AP News Reveals Labor Department Cover Up on CAFTA Study; Senate Finance Committee Sends CAFTA Vote to Senate Floor
AP News released a story today that the Labor Department had been blocking the release of a study “critical of working conditions in Central America.” No irony lost here that this comes out as the Senate prepares to cast the vote on CAFTA as early as tomorrow.
The Senate Finance Committee gave CAFTA a narrow nudge to the Senate floor today, but not without protest from those on the committee opposed to CAFTA.
The Labor Department worked for more than a year to maintain secrecy for studies that were critical of working conditions in Central America, the region the Bush administration wants in a new trade pact.
The contractor hired by the department in 2002 to conduct the studies has become a major opponent of the administration’s proposed Central American Free Trade Agreement, or CAFTA.
The government-paid studies concluded that countries proposed for free-trade status have poor working environments and fail to protect workers’ rights. The department dismissed the conclusions as inaccurate and biased, according to government and contractor documents reviewed by The Associated Press.
At least one member of the Senate Finance Committee offered an amendment to CAFTA in recent weeks that would have put some protections for labor into the bill. CAFTA is deeply flawed and the evidence that has now surfaced pointing to a cover-up by the Labor Department could be too late to stop this disaster in the making. There are ends to the lengths the Bush administration goes to in their cover-up plots:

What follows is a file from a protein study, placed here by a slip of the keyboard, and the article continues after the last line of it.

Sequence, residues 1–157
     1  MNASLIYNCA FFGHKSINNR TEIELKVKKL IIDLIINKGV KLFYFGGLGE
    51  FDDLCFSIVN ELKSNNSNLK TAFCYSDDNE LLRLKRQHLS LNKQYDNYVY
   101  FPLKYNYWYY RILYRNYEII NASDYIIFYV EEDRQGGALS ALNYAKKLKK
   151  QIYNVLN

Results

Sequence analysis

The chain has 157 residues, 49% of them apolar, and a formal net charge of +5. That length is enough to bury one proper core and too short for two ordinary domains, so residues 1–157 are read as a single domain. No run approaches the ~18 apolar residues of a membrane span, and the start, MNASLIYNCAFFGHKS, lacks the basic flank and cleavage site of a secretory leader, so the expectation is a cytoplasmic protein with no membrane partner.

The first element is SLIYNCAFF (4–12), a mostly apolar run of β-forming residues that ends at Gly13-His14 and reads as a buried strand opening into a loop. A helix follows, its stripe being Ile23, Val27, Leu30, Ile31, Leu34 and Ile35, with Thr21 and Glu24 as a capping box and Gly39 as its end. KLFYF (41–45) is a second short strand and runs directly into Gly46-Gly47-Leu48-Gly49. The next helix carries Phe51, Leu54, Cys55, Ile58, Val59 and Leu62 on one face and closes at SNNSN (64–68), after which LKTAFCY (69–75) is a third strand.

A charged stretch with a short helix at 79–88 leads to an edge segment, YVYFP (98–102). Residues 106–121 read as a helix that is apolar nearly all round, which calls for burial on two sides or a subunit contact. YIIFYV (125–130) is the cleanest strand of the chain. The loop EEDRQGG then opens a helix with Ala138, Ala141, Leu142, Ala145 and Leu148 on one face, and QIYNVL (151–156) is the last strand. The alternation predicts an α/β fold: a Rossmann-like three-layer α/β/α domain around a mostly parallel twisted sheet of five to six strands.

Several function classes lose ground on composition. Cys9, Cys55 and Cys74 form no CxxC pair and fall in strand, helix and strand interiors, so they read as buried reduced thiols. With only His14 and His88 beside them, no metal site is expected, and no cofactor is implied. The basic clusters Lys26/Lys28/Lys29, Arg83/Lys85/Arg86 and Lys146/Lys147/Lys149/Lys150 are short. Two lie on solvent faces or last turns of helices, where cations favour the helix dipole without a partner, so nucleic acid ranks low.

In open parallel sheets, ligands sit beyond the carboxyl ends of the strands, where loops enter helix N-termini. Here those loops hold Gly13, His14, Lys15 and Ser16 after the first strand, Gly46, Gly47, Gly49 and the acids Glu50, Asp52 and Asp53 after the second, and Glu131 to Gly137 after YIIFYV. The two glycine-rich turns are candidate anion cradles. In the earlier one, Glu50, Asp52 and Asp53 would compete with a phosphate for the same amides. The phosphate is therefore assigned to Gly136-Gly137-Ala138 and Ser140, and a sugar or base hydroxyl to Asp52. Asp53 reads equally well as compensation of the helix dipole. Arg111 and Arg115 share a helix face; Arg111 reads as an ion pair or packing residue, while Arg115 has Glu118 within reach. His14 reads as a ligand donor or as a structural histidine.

Behind the scenes, the Labor Department began as early as spring 2004 to block public release of the country-by-country reports.
The department instructed its contractor to remove the reports from its Web site, ordered it to retrieve paper copies before they became public, banned release of new information from the reports, and even told the contractor it could not discuss the studies with outsiders.
The department has now worked out a deal with the contractor to make the reports public, provided there is no mention of the federal agency or government funding.
At the same time, the administration began a pre-emptive campaign to undercut the study’s conclusions.
Used as talking points by trade-pact supporters, a Labor Department document accuses the contractor of writing a report filled with “unsubstantiated” statements and “biased attacks, not the facts.”
One lawmaker (Sen. Byron Dorgan) said he was shocked that a federal agency charged with protecting the rights of Americans workers would go to such lengths to block the public from seeing its own contractor’s concerns before Congress votes on the agreement.
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